Warm Springs – Lennar seeks approval for 600 more East Bay homes

San Francisco Business Times

February 25, 2019

Homebuilder Lennar (NYSE: LEN) wants to add almost 600 homes to Fremont as it pushes ahead on a massive redevelopment.

The developer seeks approvals this week for 225 residential units across 12 acres, plus 202 more units on a separate 8-acre parcel. All are for-sale units near to the Warm Springs BART station. Another 146 condos, which will complete this chunk of the development, will also head to the commission once Lennar finalizes designs.

Although they number in the hundreds, these residential units are just one piece of Lennar’s “Area 4 Master Plan,” a megaproject encompassing 111 acres that aims to create a dense community surrounding BART. When it’s all built out, Lennar’s site will ultimately contain over 2,200 housing units and about 1.4 million square feet of commercial space.

And that’s part of an even larger vision for the Warm Springs/South Fremont area that seeks to transform about 880 acres into an industrial hub with new jobs, housing and commercial space.

“The goal of the master plan was to put a mixed-use, high-density housing development adjacent to the new Warm Springs BART station,” said James Willis, a Fremont associate planner leading the entitlements for the project. “It’s a walkable community.”

Initial phases of the buildout included 385 for-sale housing units now nearing completion, plus another 966 multifamily residential rental under construction. Lennar was awarded the contract as master developer of the massive acreage back in 2015. The company did not respond to a request for comment.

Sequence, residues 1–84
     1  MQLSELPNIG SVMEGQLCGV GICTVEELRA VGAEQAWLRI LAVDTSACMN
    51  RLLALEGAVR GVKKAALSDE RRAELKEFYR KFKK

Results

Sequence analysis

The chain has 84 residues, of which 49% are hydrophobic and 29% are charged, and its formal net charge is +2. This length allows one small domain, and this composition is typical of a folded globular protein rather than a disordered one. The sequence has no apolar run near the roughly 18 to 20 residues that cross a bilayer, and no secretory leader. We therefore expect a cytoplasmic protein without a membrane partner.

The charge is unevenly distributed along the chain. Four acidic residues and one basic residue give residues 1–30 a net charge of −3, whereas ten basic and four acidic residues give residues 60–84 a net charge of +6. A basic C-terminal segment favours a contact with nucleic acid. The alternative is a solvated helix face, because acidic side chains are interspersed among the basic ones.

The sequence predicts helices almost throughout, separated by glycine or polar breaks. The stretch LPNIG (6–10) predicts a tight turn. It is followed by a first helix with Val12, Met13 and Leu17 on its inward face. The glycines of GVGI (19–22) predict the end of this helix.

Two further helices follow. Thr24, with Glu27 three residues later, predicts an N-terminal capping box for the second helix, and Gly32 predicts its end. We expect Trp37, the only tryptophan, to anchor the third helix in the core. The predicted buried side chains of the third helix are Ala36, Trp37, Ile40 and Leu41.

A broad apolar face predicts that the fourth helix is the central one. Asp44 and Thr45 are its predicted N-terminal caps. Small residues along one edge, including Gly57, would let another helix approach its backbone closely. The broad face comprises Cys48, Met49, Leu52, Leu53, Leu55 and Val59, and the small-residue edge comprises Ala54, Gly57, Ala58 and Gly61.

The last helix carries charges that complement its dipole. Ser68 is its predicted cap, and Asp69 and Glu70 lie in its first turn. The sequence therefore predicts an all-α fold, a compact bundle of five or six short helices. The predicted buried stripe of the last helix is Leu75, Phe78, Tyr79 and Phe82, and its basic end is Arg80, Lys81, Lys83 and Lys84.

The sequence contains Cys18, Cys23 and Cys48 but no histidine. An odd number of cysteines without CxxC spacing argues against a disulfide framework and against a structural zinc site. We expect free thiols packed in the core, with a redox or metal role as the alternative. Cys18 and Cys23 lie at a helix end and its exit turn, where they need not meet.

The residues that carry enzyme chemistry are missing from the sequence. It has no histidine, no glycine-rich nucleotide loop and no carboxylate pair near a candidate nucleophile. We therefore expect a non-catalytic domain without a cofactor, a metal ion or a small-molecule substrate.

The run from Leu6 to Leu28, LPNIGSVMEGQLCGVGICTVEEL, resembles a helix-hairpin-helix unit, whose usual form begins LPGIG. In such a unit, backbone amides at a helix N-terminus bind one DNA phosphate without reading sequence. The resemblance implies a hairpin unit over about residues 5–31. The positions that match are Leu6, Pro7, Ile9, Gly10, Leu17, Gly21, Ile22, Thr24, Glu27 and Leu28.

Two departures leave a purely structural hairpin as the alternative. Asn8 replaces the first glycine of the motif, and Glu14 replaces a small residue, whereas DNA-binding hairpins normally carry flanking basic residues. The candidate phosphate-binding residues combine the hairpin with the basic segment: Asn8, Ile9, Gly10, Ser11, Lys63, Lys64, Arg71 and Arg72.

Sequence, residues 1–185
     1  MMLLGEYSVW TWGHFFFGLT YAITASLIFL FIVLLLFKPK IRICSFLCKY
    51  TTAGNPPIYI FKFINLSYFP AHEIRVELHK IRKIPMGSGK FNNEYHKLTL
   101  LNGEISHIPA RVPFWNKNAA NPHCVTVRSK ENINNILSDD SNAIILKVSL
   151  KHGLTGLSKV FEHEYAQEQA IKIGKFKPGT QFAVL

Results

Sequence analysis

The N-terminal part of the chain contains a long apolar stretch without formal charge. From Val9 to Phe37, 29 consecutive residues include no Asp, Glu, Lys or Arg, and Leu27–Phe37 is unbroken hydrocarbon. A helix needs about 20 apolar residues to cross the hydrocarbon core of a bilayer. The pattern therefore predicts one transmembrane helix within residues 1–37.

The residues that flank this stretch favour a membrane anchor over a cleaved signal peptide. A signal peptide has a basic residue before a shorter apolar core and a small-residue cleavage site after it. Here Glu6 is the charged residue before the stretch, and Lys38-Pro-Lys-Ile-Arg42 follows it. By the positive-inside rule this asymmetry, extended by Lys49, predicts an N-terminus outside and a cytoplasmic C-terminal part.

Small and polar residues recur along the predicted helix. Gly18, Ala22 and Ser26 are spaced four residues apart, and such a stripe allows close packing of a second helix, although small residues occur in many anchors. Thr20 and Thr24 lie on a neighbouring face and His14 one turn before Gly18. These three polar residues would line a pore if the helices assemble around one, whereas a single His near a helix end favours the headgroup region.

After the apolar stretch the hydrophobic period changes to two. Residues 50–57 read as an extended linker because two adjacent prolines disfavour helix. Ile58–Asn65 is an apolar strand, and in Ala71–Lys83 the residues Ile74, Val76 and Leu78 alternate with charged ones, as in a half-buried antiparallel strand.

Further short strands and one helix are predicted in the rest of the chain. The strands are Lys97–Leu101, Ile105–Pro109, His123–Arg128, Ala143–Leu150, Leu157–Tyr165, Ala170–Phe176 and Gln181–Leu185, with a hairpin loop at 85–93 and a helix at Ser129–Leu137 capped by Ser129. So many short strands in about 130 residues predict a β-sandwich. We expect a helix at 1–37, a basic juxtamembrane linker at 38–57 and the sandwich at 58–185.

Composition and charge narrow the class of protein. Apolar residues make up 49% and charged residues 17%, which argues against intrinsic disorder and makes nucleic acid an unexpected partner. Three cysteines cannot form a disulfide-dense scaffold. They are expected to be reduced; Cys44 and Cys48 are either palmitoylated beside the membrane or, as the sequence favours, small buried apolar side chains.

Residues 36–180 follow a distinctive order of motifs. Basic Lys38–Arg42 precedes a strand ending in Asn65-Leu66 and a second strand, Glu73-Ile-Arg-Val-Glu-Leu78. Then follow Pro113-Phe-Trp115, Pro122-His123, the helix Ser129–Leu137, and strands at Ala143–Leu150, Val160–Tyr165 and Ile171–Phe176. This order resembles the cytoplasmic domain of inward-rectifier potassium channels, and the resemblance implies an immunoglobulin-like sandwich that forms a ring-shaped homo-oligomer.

KTGY Group, Inc. and Environmental Foresight, Inc. are the architects for the next phases of the project, while CBG is the civil engineer.

It’s one of several megaprojects the homebuilder has pursued in the Bay Area. Miami-based Lennar has added over 350 single-family homes to the South Mare Island off of Vallejo, and is working with Wilson Meany on a $5-billion redevelopment of Treasure Island that will include 8,000 new homes and 500 hotel rooms, among other buildings.

The company is also working on the redevelopment of Hunters Point Naval Shipyard with Five Point Holdings (NYSE: FPH), a company Lennar spun off several years ago. Although approved for 5,000 homes and 4 million square feet of commercial space, the project has been mired in litigation and scandal over the cleanup process and alleged fake soil testing. Five Point is also overseeing the potential $6 billion redevelopment of the former Concord Naval Weapons Station.

Fremont, meanwhile, has seen a wave of development in recent years as the city pushes to become a more urban, transit-oriented area. As of 2017, the city had over 4,000 units in the pipeline.

But the cascade of projects has also caused a backlash among residents.

“The vision … is to be more urban,” said Kristie Wheeler, Fremont’s planning manager, in 2017. “What we’ve been seeing is maybe the community isn’t quite ready for the higher-density residential development.”